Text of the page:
|Honey dissolved in whisky? Sure, why not!|
Plant-based products were another grouping, including vegan ice lollies, and of course lots of snack brands – crisps and the like. A drinks quarter offered any number of craft gins and rums, modern whiskys and liqueurs, hard seltzers and so on – even a mobile gin distillery, though for flavouring pre-made spirit rather than distilling it afresh. What there wasn’t much of, as far as I could see, was beer.
At last though I found a few beers. First was Fungtn, which is pronounced Function but with a nod to ‘funghi’ because, as well as being alcohol and gluten-free, it has mushrooms in it… They’re not just any old funghi either, they’re “adaptogenic functional mushrooms” as used in traditional eastern medicine. Oh-ho. There wasn’t time on site for more than a sip to confirm that yes, they’re good lo-no brews, but fuller reviews of Chaga dark lager, Lion’s Mane IPA and Reishi Citra beer will follow.
And then just as the show was wrapping up, I discovered PR Dutch Drinks who distribute in the UK for 20-odd craft breweries from I think you can guess where. They include the likes of Uiltje, Poesiat en Kater, Kompaan, Emelisse, De Molen and Brouwerij t’ IJ (and yes, I know that not all of those are independent now).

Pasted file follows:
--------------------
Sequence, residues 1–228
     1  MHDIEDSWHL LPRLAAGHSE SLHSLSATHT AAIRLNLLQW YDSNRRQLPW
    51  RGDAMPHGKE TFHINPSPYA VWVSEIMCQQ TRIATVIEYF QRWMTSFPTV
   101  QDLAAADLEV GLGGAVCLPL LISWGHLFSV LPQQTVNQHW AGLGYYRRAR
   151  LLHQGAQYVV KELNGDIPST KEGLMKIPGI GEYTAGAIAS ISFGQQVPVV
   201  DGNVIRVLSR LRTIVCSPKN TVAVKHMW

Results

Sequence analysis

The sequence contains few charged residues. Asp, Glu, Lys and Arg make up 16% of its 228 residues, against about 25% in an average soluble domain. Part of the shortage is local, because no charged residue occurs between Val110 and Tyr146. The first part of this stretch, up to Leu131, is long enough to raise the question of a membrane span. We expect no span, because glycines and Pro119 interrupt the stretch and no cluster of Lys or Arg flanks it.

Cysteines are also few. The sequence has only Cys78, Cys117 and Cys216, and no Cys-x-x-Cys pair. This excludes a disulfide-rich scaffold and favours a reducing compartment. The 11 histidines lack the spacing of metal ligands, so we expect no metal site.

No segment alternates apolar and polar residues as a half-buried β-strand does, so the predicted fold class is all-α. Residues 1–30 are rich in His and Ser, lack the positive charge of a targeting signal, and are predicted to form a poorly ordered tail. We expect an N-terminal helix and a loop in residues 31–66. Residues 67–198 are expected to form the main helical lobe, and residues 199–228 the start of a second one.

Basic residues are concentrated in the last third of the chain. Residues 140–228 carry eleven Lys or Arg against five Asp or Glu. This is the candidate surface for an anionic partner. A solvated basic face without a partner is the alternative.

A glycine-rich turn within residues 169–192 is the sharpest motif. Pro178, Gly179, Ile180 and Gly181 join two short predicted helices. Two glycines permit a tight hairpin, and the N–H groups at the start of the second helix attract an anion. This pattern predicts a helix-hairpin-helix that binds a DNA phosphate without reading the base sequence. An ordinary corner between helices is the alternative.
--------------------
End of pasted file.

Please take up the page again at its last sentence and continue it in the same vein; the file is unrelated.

|OK, who doesn't fancy owning a mobile still?|
This is partly the extra cost of transport and of having valuable goods in limbo for weeks on end, but it’s also payment terms: being on 30-day terms with your supplier is not much use if the goods take 30 days to arrive! “We’ve had to change the definition of delivery,” he says.
I hope to catch up with Eric again at some point – he also runs The Bolton, a pub in nearby Earls Court with a specialist Dutch & Belgian beer bar upstairs called Proeflokaal Rembrandt. (I notice this is also where you can pick up your Dutch Drinks orders, and avoid delivery fees.)
Just coming back to Olympia after more than a year was startling too, as almost the whole area now seems to be a building site. At the eastern end, the Grand Hall and National Hall are still there – they are Grade II listed buildings – but they’re shrouded and fenced-off, and even inside the lobby it was almost impossible to hear yourself think due to what sounded like a pneumatic drill just behind a wooden partition.
Meanwhile at the western end of the site, pretty much everything has been demolished. It turns out that most of Olympia is being rebuilt, with lots of new office space (just in time for the work-from-home and hybrid-working revolution, hah!), two hotels, new public spaces, a 1,575-seat theatre, and an exhibition hall with a 3,500-seat live music arena on top of it. Completion is due in 2024.